Utah Stories from the Beehive Archive

Oscar Eliason, Utah's Homegrown Magician

Oscar Eliason.jpg

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Oscar Eliason, Utah's Homegrown Magician


In 1899, the Utah illusionist known as “Dante the Great” died of a gunshot wound to the abdomen in the tiny Australian town of Dubbo.

Born Oscar Eliason to Swedish immigrant parents, the magician began his career at the age of twenty with a performance at a Salt Lake LDS ward. Soon he was touring Utah, expanding his travels to surrounding states and the rest of the country as word of his magic spread. Like other magicians of the age, including the illustrious Harry Houdini, Eliason was especially interested in exposing what he believed were the fake supernatural tricks of spiritualist mediums. At one popular performance in Salt Lake, he was able to duplicate and pick apart the supposedly mystical marvels of Anna Eva Fay, one of the nation’s most admired mediums.

As Eliason’s star rose in the United States, he also began receiving requests to appear on stages in Canada, Mexico, and even Cuba. Later, in 1898, he decided to travel to New Zealand and Australia where he played to packed houses. In Sydney, he actually broke the record for consecutive nights performed by one man. But Eliason wasn’t satisfied with just playing just the big cities Down Under. He also decided to hit some of the small towns in Australia’s rough interior. It was here, while on a kangaroo hunt, that he was accidentally shot by one of his friends. Doctors initially thought it was only a flesh wound, but within days Dante the Great was dead. Ironically, one of the feats that made him popular was “The Bullet Catch” where he would allow a ring of men to fire loaded guns at him at point blank range. Audiences were amazed when the smoke cleared and Eliason was still standing, holding a handful of bullets. Eliason was buried in Australia where magicians still make pilgrimages to his grave.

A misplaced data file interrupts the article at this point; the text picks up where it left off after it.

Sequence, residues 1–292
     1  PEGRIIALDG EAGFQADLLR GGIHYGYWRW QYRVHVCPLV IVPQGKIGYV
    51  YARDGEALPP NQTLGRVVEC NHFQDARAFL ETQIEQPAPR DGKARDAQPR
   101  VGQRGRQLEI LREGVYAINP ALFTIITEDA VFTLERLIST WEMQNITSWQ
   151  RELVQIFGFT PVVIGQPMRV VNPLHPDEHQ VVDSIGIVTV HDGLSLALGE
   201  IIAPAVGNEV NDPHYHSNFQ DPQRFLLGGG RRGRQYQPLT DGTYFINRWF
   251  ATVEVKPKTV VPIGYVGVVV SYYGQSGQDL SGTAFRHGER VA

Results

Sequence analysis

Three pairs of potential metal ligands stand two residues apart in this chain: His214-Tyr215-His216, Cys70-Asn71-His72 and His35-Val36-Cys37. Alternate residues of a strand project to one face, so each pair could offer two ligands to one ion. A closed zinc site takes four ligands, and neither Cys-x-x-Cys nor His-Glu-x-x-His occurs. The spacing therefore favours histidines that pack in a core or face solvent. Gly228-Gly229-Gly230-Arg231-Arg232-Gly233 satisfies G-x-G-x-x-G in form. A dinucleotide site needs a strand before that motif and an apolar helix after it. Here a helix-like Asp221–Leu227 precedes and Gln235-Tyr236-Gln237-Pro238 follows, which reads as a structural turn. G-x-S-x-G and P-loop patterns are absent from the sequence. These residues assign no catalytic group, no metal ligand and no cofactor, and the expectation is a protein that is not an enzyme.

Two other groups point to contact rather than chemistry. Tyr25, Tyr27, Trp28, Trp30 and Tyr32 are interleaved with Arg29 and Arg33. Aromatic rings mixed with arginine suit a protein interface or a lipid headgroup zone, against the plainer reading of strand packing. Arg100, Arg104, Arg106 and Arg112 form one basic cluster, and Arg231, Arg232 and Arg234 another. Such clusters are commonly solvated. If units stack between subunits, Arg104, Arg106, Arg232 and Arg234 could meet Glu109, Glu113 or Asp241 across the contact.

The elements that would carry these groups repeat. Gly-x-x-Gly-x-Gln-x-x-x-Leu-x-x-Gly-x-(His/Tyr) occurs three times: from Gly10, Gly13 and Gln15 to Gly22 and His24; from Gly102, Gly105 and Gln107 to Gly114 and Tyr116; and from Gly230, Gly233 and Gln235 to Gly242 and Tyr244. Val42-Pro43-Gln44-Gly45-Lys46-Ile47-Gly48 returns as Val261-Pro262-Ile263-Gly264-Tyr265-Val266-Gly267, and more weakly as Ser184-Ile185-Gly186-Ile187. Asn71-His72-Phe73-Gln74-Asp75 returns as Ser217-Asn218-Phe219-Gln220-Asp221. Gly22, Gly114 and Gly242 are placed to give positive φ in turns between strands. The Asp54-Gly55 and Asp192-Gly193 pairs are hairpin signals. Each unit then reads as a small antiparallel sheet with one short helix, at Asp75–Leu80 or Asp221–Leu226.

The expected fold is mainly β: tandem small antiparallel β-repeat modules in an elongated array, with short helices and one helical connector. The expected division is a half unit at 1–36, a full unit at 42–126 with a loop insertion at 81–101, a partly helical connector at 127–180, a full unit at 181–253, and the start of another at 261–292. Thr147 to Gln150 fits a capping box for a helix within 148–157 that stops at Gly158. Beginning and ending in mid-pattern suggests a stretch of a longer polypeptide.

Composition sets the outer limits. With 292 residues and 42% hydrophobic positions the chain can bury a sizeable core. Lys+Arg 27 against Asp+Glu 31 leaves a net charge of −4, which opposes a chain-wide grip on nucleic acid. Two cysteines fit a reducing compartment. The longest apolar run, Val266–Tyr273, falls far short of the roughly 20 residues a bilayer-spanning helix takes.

Brandon Johnson for Utah Humanities © 2006


Image: Souvenir Dante's 50th performance in Melbourne, June 2nd, 1899. Oscar Eliason and his wife, Juliana Edmunda Hammer. After touring Utah and dazzling audiences at Saltair, Eliason turned pro in 1893 and began playing throughout the West. As "Dante the Great," he was celebrated for his innovative tricks and exposing fraudulent mediums. Courtesy of State Library Victoria. 

See news reports on Eliason’s career and death in the following editions of the Salt Lake Tribune: April 24, 1894; April 26, 1894; April 30, 1894; May 1, 1894; May 18, 1894; October 24, 1894; December 18, 1894; April 8, 1895; November 30, 1899; December 1, 1899; December 2, 1899; and December 29, 1899.  Also see Will Bagley’s pair of articles for the Salt Lake Tribune on Eliason.  They were printed respectively on September 24 and October 1, 2000.  (The articles may be accessed on Utah History to Go. See also Brandon Johnson, “To Lay Bare All of Spiritualism’s Shams: Harry Waite and Oscar Eliason’s Anti-Medium Crusade,” Utah Historical Quarterly, vol 77, no 4, p 316.


The Beehive Archive is a production of Utah Humanities. Find sources and the whole collection of past episodes at www.utahhumanities.org